There are a number of important benefits to the creation of a living trust. Of course, different states have different regulations regarding the formation of a living trust, but the underlying function of the trust remains the same: all the property that is left in trust does not have to go through the probate system to be passed on to those you wish to inherit the property. A living trust protects the deceased and his or her heirs against the probate system as a whole, which can sometimes be expensive and time-consuming in complex cases.
In Texas, the probate system is relatively fast and painless– and forming a living trust does not negate the need to pay taxes on property left for heirs. Within the state, a living trust and probate have almost the same cost; however, for individuals who hold property outside of Texas, a living trust protects heirs from property probate for the out-of-state property. It is important to note that a living trust is something that must be maintained– it cannot be created and ignored for many years. This is why a living trust is only recommended for good record-keepers and for individuals who have large holdings of property across different states. For others, a living will can suffice just as easily.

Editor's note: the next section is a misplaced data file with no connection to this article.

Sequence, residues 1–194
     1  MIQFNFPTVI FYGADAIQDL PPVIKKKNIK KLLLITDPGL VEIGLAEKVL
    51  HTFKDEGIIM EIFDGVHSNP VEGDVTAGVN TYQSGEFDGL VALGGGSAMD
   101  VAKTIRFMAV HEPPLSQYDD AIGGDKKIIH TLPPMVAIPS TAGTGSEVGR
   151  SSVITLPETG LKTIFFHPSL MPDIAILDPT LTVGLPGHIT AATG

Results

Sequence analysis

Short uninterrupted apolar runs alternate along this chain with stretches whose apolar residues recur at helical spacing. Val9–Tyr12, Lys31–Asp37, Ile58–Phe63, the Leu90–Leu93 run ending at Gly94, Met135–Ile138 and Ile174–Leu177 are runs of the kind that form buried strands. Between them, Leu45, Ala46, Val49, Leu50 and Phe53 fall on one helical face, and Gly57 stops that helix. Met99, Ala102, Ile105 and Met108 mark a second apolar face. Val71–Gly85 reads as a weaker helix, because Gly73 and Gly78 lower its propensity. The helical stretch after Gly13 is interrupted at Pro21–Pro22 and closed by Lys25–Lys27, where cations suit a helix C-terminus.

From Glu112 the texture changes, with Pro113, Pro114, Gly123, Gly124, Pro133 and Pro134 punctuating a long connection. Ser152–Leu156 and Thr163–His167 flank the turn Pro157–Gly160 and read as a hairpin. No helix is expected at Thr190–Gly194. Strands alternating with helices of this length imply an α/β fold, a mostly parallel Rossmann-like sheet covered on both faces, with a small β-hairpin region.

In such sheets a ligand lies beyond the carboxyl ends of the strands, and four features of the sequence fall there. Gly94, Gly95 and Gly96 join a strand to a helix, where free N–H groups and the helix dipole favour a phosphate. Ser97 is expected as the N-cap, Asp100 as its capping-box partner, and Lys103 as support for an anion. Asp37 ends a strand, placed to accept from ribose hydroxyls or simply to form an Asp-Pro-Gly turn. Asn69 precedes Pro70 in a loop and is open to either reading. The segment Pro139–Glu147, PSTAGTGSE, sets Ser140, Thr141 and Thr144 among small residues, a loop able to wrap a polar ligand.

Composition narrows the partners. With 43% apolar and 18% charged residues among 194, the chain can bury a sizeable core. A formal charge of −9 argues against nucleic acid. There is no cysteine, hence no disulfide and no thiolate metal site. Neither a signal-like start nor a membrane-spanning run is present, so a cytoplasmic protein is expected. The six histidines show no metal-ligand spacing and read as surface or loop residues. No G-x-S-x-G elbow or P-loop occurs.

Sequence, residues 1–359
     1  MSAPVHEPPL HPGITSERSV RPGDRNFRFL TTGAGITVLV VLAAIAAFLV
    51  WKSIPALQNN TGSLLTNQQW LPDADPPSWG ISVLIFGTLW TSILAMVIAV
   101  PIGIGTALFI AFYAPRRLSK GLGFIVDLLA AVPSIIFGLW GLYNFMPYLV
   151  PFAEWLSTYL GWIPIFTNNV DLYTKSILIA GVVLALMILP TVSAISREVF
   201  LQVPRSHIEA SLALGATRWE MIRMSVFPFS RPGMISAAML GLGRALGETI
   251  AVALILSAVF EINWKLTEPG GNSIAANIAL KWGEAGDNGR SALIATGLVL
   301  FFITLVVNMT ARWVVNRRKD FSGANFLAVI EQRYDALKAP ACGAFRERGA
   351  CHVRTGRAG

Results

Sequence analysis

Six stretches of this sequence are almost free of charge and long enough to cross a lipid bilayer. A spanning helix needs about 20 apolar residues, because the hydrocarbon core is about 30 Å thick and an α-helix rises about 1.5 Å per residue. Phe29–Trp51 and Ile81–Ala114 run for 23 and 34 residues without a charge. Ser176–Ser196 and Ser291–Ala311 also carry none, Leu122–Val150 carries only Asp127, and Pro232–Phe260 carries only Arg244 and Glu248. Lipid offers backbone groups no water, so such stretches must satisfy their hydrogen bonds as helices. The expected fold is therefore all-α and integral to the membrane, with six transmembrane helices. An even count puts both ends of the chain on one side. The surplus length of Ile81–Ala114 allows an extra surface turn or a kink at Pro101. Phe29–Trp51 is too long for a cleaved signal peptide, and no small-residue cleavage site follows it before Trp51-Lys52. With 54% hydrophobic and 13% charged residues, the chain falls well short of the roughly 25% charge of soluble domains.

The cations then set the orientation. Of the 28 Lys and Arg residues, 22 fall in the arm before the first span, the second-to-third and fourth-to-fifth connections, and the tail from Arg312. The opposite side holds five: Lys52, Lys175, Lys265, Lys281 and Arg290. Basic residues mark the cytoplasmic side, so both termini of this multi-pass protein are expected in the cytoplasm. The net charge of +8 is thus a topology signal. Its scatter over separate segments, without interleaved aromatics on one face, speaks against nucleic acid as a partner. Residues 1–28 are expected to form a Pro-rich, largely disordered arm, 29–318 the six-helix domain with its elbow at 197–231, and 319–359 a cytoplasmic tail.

Despite the many practicalities– and impracticalities– of creating and maintaining a living trust, one of the most common reasons to do so is for privacy. A living trust allows the creator and his or her heirs to keep the property and the contents of the trust secret and private, something that appeals to many. For more information regarding the creation of a living trust and about the difference between issuing a will and a trust, please feel free to contact us with questions and concerns.